Caroline Raine looks at the dangers of using hydrazine and how workers can stay safe when handling it.

Introduction

Hydrazine is a toxic, flammable and corrosive chemical that has a number of uses; it is widely used as a laboratory chemical, a precursor to polymerisation catalysts and pharmaceuticals and as a foaming agent in the manufacture of polymer foams. It is used as a blowing agent in the manufacturing process of plastics that are then used in vinyl flooring and auto foam cushions. Other uses include nickel plating, photography development and in the production of agricultural chemicals (eg maleic hydrazide).

Hydrazine is found in tobacco and cigarette smoke, and has, despite being a carcinogen, been used in medication for the treatment of sickle cell anaemia and cancer.

Hydrazine is also often used to reduce corrosion of metal and build-up of scale in power stations, steam and boilers. Hydrazine, a colourless liquid, is highly soluble in water. As a powerful reducing agent, it will reduce oxygen content, forming nitrogen and water, with no resulting dissolved solids. At high temperatures and pressures, the reaction between hydrazine and dissolved oxygen also forms very small quantities of ammonia. This ammonia carries over into the steam and helps to reduce the acidity of the resulting condensate, thus reducing the likelihood of corrosion. Hydrazine is known as an “oxygen scavenger”.

Hydrazine is corrosive, toxic and flammable in the presence of open flames, sparks, heat, and oxidising materials. It is also highly explosive in the presence of oxidising materials and metals and incompatible with moisture and acids.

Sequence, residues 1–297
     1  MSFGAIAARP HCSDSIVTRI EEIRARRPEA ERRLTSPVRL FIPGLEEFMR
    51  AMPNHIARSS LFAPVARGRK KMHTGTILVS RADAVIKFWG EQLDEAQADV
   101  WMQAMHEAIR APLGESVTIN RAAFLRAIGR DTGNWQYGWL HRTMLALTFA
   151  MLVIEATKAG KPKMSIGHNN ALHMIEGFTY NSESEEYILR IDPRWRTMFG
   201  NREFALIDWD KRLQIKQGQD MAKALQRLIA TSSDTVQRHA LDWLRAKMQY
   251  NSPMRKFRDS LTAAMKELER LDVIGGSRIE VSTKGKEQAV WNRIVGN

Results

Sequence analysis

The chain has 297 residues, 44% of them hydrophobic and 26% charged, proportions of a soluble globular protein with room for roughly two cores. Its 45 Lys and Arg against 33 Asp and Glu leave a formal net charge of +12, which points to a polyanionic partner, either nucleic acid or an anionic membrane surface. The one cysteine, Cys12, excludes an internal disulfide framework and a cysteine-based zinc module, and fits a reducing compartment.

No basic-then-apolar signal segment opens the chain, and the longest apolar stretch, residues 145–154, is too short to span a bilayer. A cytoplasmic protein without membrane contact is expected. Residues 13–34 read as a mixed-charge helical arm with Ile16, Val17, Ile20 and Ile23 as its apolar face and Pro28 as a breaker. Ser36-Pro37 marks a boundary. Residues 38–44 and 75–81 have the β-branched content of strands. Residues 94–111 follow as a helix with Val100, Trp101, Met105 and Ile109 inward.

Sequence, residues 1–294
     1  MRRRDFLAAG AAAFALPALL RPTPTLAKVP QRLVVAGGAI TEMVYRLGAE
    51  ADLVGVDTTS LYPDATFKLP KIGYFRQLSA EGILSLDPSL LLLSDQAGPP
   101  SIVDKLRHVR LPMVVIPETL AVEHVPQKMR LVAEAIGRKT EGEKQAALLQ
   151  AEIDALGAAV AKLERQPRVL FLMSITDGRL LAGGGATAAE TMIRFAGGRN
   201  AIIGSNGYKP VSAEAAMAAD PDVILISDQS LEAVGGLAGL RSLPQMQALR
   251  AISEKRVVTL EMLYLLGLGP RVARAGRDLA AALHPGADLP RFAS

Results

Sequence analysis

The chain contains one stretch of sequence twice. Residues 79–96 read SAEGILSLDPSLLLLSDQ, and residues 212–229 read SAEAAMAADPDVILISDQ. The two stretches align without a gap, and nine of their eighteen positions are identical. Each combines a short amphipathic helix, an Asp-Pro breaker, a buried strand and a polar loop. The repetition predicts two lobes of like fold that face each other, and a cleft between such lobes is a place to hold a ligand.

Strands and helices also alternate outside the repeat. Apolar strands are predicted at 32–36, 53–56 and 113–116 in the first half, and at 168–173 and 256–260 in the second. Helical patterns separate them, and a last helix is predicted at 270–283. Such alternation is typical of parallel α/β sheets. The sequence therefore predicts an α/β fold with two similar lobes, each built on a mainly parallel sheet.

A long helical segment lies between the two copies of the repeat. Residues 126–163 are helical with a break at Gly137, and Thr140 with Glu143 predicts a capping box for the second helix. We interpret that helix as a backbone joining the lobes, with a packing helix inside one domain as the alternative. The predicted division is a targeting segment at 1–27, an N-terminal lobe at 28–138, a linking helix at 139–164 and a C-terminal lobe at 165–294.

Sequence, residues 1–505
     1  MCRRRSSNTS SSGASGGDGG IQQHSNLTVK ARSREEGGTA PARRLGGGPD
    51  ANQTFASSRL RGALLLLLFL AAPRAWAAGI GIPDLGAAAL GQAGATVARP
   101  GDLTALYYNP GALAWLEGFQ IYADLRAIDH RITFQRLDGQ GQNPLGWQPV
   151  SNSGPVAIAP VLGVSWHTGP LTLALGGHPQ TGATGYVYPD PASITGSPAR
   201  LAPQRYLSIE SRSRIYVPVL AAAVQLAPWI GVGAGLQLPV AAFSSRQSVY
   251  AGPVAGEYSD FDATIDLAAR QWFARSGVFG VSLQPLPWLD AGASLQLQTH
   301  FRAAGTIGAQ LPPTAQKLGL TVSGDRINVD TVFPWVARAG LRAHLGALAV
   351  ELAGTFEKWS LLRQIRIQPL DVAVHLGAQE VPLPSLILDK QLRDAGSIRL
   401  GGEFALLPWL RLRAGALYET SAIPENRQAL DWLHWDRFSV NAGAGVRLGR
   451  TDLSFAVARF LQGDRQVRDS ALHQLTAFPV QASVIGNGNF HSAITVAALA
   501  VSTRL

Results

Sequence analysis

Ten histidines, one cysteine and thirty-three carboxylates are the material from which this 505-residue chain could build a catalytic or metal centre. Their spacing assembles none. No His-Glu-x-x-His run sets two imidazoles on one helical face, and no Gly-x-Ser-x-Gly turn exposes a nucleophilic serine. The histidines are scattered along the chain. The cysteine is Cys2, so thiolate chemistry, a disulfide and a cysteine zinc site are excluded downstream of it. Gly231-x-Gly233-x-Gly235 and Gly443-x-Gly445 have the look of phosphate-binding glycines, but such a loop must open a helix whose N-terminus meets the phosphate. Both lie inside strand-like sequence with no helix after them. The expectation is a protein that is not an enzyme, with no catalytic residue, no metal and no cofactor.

The molecular formula for hydrazine is N2H4 and it has a flash point of 52°C.

Classification

According to EU Directives 67/548/EEC or 1999/45/EC (CHIP), hydrazine is classified as Toxic, Corrosive, and Dangerous to the Environment. Risk phrases indicate that hydrazine is flammable and may cause cancer.

According to Regulation (EC) No. 1272/2008 (CLP), hydrazine is flammable, toxic (oral, dermal, inhalation and to the aquatic environment), corrosive and a carcinogen.

Hydrazine is also included in the Candidate List of Substances of Very High Concern (SVHC), according to Regulation (EC) No. 1907/2006 (REACH).

For transport, hydrazine is classified as corrosive with subsidiary hazards, flammable liquids and toxic substances.

Occupational exposure

Within the UK, those using and working with hydrazine must comply with the Control of Substances Hazardous to Health Regulations 2002 (COSHH) (as amended). The Health and Safety Executive (HSE) sets workplace exposure limits for substances and they can be found in EH40/2005 Workplace exposure limits.

Hydrazine has a short-term exposure limit (STEL 15-minute reference period) of 0.1ppm/0.13mg/m3 and a long-term exposure limit (8-hr TWA reference period) of 0.02ppm/0.03mg/m3.

There are a number of gas monitors available to ensure that the exposure limits are never exceeded. These range from personal monitors that individuals wear to room-based monitoring. Many work on a colour change concept so that it is visible when there has been exposure to hydrazine; others give digital readings showing the ppm in the air. Hydrazine has been identified as a possible human cancer and so levels of exposure should be as low as possible.

Health effects and health surveillance

According to MSDS 2005, hydrazine is toxic to blood, kidneys, lungs, the nervous system and mucous membranes. Liquid and spray contact can produce tissue damage to mucous membranes, particularly the eyes, nose, mouth, and respiratory tract. Skin contact may produce burns and inhalation of spray may produce irritation of the respiratory tract, with repeated or prolonged exposures producing target organ damage. Severe over-exposure can result in death.

Acute respiratory exposure can result in dyspnoea and pulmonary oedema, pneumonia, tracheitis, and bronchitis and lung damage.

Potential symptoms of hydrazine exposure include: eye, nose and throat irritation, temporary blindness, dizziness, nausea, dermatitis, skin and eye burns, malar (cheek) rash and photosensitivity.